Kids need to learn about the importance of saving money early in life in order to establish understanding of and acquisition of good financial habits. The key to this is modeling good spending and saving habits and reinforcing it through day-to-day conversation.
Parents have to be intentional about teaching their children about money, lest they grow up thinking that these grow on trees. Here are some ideas on how you can start your kids early on to the path of good financial stewardship.
1. Bring attention to prices
Bring your child to the grocery with you and talk about the prices of the items in your cart. Talk about deciding how to choose between two similar products using quality and price as criteria.
Talking about prices and comparing products will help your child become mindful of what he wants to buy. As the child becomes older, give him a budget whenever you go to the grocery and assign him to buy his snacks. This gradually introduces them to being responsible with what they buy.
2. Keep cash gifts
During Christmas and birthdays, kids receive cash from loved ones. Instead of allowing them to spend it all, encourage them to save the money gifts to either buy something they really like or to save for the future.
Cash gifts can grow in time, if saved and invested properly. Use this gift to start your child’s financial awareness. Bring your child to the bank when he has enough to open his own bank account.
3. Work for cash
Give kids opportunities to work for cash. Though chores should be done as part of being a household member, setting up a reward system for some time may also work.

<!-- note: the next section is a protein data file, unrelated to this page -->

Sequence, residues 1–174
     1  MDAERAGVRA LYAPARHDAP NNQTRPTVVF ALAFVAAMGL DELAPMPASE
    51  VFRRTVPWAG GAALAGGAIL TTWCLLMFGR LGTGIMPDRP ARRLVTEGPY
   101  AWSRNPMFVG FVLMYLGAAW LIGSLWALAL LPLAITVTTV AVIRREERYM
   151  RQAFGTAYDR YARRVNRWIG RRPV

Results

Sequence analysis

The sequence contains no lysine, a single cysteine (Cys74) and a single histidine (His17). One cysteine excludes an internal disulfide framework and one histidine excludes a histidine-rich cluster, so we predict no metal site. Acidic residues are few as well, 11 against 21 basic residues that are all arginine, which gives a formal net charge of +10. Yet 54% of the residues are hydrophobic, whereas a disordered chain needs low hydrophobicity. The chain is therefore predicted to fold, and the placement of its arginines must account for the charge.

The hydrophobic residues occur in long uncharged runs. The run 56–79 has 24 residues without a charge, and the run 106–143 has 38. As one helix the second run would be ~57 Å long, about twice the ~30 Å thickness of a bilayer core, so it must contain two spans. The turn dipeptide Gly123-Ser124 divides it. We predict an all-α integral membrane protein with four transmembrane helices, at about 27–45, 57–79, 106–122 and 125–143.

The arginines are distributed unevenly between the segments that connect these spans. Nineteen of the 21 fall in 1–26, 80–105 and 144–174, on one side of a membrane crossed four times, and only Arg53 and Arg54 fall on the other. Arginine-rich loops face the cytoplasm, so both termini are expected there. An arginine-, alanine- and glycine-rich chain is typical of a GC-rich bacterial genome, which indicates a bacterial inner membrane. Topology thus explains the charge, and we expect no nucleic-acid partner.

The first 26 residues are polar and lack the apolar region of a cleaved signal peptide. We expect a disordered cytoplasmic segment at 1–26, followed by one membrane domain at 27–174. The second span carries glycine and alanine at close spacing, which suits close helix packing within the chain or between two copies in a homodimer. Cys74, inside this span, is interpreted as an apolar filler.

If you have a business and you can assign some tasks to your child, let him earn from it too. Once your children are a little older you can introduce them to entrepreneurship and let them sell baked goods or other items. With these methods, children will learn the value of work and money if they get experience of it hand-in-hand.
4. Save, give, and spend
Money is not just for saving and spending, teach your child to save for giving too. For little kids, this can be introduced in a visual way with jars for saving, giving, and spending.
Let your child then choose where he wants to donate the money after a certain period. After all, the goal is to produce financially literate children who also have the capacity to empathize with others who are less fortunate.
For bigger kids, introduce the idea of investing. Although this is a topic that still escapes most adults, there are now many resources that address this topic for kids. The premise is that the child puts in money on stocks then follows the value while it grows. This can also be a way for parents to bond with their older children as they discuss the companies that they want to invest in.
Money matters should be a normal part of growing up. Children will not learn about the value of work and money on their own. They need guidance from an early age.